Derwin Hall likes the athletic side of LSR, but what he loves most is the chance to give back to the community
M.M. ADJARIAN | Contributing Writer
At 41, Derwin Hall is a man in the prime of life. But with a full decade’s experience under his belt as a Lone Star Ride Fighting AIDS participant, he is — at least in LSR terms — an “old timer.”
For nine of those 10 years Hall, a Merck pharmaceuticals community liaison and HIV/AIDS educator, has been a cyclist. The one year he didn’t ride, he served as a delivery driver, bringing food and water to the LSR pit crew members.
As an event, Hall says, the Lone Star Ride speaks to his earliest love: Sports.
“I’ve been athletic my entire life,” Hall says. “[I had] college scholarships in track and field. I was a [sprinter].”
Hall first participated in the final Texas Tanqueray AIDS Ride in 2000, the year before the Lone Star Ride Fighting AIDS organization held its first event. A gallant thrift store 10-speed took him the full distance — 325 miles — between Houston and Dallas.
The memory of an HIV-positive man Hall dated in the early 1990s help stir him to become involved with both rides. That relationship rocked Hall’s world; what he learned about the disease and those who live with it changed him forever.
“Because of [this man] and my love for him, I ended up volunteering and then working in the HIV field,” he recalls. “Every job I’ve ever had [since] in my adult life has been with AIDS service organizations.”
The LSR is one ride Hall says he would never not do. What the event stands for is what keeps him coming back year after year.
“[The Lone Star Ride gives] dollars to agencies that provide services to the population that has been impacted by a devastating disease,” he explains. “And since [fighting HIV/AIDS] has been my passion and career pursuit, that’s why I’m here.”
Hall’s commitment to Lone Star Ride has not stopped him from finding other ways to give back, not just to the LGBT and HIV/AIDS communities, but to the community as a whole.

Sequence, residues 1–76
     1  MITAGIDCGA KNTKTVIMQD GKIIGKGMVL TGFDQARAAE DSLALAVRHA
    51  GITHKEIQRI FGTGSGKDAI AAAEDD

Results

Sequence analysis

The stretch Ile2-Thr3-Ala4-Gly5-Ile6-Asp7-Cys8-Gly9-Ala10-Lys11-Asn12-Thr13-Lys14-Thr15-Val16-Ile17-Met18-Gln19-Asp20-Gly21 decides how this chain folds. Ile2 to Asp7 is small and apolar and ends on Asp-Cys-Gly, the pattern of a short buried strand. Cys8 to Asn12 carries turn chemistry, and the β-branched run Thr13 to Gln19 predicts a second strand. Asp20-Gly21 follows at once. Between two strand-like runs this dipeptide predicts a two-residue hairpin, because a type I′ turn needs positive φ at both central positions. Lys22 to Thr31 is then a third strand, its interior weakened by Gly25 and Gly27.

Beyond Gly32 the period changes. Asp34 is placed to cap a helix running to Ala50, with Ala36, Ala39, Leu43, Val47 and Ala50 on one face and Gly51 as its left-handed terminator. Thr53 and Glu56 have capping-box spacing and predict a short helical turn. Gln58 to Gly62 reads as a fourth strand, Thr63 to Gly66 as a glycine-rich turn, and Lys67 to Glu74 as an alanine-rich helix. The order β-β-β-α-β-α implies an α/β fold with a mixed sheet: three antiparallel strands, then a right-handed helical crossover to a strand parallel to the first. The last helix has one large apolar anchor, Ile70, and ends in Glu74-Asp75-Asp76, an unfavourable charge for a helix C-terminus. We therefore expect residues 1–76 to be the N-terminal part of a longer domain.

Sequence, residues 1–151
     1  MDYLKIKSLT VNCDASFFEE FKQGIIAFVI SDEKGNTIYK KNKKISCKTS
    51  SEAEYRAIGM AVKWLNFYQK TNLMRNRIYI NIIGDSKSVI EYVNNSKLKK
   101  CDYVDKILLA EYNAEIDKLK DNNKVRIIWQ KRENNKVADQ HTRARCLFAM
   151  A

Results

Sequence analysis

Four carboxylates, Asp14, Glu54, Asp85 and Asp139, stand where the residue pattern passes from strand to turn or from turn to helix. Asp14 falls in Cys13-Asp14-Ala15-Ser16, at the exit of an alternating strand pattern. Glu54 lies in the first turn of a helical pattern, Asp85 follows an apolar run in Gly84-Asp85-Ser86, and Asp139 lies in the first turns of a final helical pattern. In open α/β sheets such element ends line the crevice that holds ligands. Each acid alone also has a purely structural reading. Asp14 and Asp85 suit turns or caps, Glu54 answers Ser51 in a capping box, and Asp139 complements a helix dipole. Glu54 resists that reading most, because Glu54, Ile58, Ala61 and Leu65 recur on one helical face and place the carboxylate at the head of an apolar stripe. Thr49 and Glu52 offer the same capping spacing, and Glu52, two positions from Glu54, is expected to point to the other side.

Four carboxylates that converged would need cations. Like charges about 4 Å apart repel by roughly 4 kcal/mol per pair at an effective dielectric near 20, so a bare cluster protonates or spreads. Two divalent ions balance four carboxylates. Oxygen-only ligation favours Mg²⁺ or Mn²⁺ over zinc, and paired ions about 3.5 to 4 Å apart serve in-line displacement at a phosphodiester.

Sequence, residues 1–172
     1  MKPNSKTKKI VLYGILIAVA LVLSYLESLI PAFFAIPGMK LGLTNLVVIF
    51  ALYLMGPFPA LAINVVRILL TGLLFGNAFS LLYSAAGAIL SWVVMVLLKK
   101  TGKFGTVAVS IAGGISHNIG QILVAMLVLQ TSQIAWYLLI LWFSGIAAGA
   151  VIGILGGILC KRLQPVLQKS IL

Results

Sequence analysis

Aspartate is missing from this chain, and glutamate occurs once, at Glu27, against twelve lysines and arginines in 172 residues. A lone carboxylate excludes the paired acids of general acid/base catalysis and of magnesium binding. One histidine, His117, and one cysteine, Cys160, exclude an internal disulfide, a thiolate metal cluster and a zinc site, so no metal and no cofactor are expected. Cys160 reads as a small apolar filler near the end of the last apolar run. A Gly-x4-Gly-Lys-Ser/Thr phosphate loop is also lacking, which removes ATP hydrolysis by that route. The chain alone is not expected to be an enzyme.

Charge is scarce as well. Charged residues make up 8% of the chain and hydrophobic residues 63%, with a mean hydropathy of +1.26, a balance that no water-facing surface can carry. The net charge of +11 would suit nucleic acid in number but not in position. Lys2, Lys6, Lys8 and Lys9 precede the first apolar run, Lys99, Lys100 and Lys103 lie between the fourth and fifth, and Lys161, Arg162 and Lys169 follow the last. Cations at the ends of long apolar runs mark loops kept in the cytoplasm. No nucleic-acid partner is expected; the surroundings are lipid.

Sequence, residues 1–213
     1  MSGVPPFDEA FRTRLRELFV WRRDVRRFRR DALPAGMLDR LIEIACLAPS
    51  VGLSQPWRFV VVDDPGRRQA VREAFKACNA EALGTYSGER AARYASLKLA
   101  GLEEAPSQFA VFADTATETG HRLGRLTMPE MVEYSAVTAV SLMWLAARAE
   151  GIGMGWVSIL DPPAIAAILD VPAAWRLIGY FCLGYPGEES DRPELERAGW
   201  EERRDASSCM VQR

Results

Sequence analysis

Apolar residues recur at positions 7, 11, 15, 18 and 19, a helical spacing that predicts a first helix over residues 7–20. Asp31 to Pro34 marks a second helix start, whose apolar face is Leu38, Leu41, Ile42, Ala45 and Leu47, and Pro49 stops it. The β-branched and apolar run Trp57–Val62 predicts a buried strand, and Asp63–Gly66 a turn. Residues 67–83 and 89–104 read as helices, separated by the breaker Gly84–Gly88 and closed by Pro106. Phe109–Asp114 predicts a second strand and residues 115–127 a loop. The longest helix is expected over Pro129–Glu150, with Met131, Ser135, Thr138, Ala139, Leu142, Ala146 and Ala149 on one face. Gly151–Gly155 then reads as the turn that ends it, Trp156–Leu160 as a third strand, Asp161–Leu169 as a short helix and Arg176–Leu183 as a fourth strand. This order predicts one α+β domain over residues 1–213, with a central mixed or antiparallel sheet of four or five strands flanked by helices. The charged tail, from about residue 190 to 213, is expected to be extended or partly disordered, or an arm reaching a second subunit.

“I’ve done a number of local rides that may not be HIV/AIDS specific,” he says. “They can be for multiple sclerosis, they could be for cancer. They could be for anything.”
Hall’s penchant for helping others is clearly visible in how he approaches LSR itself. For example, when it comes to some of the event’s notoriously difficult hill climbs, Hall has made it a point to assist the less nimble among his fellow riders rather than peddle and pump to the top and continue on alone.
“I’ve turned around, gone back down and helped coach and motivate other riders that might be struggling a little more to get up the hill,” he says. “It’s not a race, [after all]; it’s a ride.”
For all that Hall has given to the LSR as a fundraiser, volunteer and “hill climber’s angel,” he has also gotten help himself during the course of this event. One year, this most seasoned of riders found that somewhere along his path, he’d somehow taken a wrong turn.
“Although I was lost,” Hall says somewhat sheepishly, “people were out there looking for me. [They] eventually found me and got me back on the right track.”
With so much support available to LSR participants regardless of who they are, it’s no wonder that Hall loves the event as much as he does.
“I have seen people of all races, all ages, all sizes, heights and weights doing this bike ride. So it’s not just for the physically fit. It’s for those interested in giving back to the community.
“Or,” he adds, a warm and knowing humility inflecting his voice, “those who just want to be challenged.”
Lone Star Ride Fighting AIDS takes place Sept. 24-25. For details or to donate to a specific rider or team or to the ride in general, go online to LoneStarRide.org.
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